In my mind I call my father
the pollyfilla king, watch
with something akin to awe
as he begins the arduous process
of filling in the gaps, the long-winded
cracks that travel down the walls of my house
like run-on sentences.

From the sidelines I watch as he trudges
up and down the stairs, carrying
with nonchalance an industrial-sized bucket,
shiny spatula tucked into back pocket
for easy access.

Over and over again
with precision and grace
he fills and smooths and sands
as if filling in all of the empty crevices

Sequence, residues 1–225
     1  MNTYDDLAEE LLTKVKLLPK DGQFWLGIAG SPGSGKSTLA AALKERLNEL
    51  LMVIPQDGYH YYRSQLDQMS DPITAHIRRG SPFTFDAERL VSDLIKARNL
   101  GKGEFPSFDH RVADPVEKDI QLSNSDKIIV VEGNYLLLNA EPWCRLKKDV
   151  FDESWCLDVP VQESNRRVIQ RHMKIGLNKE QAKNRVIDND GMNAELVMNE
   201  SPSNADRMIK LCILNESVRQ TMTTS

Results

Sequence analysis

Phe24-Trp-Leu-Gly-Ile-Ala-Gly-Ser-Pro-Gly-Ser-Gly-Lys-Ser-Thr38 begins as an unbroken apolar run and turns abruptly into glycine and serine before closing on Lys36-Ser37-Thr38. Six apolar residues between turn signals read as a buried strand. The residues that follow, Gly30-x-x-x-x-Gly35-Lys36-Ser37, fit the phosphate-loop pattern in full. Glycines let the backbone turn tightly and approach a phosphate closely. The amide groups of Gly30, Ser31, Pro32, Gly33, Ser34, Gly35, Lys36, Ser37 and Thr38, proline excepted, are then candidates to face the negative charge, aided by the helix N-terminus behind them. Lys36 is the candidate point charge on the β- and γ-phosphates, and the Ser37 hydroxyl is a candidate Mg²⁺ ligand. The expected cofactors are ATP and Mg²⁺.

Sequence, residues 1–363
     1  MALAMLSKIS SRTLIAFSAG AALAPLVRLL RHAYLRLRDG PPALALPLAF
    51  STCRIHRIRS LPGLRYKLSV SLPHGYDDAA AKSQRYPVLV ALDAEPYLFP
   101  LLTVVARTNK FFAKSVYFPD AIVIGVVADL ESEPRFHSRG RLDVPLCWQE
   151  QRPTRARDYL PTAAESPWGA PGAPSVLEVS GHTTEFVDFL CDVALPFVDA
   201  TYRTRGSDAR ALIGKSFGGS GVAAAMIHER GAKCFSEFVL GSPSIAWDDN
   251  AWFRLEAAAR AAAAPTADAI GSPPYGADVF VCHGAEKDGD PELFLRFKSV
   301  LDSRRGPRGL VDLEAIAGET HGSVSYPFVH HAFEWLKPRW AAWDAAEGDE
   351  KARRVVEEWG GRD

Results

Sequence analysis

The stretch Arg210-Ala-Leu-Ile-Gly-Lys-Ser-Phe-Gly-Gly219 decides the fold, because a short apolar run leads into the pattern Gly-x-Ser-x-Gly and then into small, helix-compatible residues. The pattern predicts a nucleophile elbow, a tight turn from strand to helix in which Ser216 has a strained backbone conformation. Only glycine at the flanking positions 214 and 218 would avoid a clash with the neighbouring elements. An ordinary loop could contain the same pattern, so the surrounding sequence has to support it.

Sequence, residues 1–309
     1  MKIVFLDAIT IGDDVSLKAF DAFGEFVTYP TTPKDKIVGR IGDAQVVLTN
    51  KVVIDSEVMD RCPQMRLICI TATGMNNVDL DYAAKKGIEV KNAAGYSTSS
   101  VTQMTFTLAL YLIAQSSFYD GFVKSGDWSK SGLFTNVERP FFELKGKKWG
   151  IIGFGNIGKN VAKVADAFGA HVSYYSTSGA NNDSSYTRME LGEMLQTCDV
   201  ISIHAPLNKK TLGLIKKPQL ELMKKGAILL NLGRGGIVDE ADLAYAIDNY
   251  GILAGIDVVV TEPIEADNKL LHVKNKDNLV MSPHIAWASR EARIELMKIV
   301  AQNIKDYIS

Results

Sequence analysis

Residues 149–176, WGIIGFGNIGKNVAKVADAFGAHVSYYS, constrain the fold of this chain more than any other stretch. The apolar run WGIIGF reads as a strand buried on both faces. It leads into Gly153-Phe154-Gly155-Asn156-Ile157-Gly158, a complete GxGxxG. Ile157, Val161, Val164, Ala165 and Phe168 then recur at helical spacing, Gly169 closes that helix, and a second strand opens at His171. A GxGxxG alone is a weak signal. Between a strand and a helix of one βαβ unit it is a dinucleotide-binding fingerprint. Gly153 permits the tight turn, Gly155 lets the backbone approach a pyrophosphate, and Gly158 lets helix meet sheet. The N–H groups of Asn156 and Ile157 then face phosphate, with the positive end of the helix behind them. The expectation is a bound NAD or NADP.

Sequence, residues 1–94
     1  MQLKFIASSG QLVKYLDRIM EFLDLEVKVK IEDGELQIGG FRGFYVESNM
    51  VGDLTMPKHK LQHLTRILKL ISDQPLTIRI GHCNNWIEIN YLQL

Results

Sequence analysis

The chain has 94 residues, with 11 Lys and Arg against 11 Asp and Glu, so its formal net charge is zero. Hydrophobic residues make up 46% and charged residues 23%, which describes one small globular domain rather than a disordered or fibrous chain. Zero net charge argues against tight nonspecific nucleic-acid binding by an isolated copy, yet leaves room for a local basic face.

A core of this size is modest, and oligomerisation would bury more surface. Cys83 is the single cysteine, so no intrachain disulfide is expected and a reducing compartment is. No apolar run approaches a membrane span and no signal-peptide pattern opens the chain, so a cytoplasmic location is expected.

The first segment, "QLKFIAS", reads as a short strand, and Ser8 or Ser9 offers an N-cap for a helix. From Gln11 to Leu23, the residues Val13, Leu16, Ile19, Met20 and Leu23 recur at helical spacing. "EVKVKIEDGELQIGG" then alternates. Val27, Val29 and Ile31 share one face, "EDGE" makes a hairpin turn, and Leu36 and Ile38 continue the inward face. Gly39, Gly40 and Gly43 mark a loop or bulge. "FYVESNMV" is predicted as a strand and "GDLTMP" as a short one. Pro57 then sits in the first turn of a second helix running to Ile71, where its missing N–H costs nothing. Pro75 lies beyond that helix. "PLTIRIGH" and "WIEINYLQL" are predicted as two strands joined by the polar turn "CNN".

with the words he didn’t know how to say,
the lost syllables and consonants springing up
from the bucket, stubbornly announcing themselves
home, until there is only smoothness,
my fifty-eight-year-old house a perfect sentence,

the veritable sheen of its walls
privy to this father of mine,
whose love keeps him moving
from room to room, brightly asking,
Do you think you’ll be painting the other room
upstairs sometime? I could start work on it now.
Then it’ll be ready for painting.

Yes, I say, yes
my face aglow.

From Chasing Halley’s Comet, Federation of B.C. Writer’s Festival of the Arts Contest Winners

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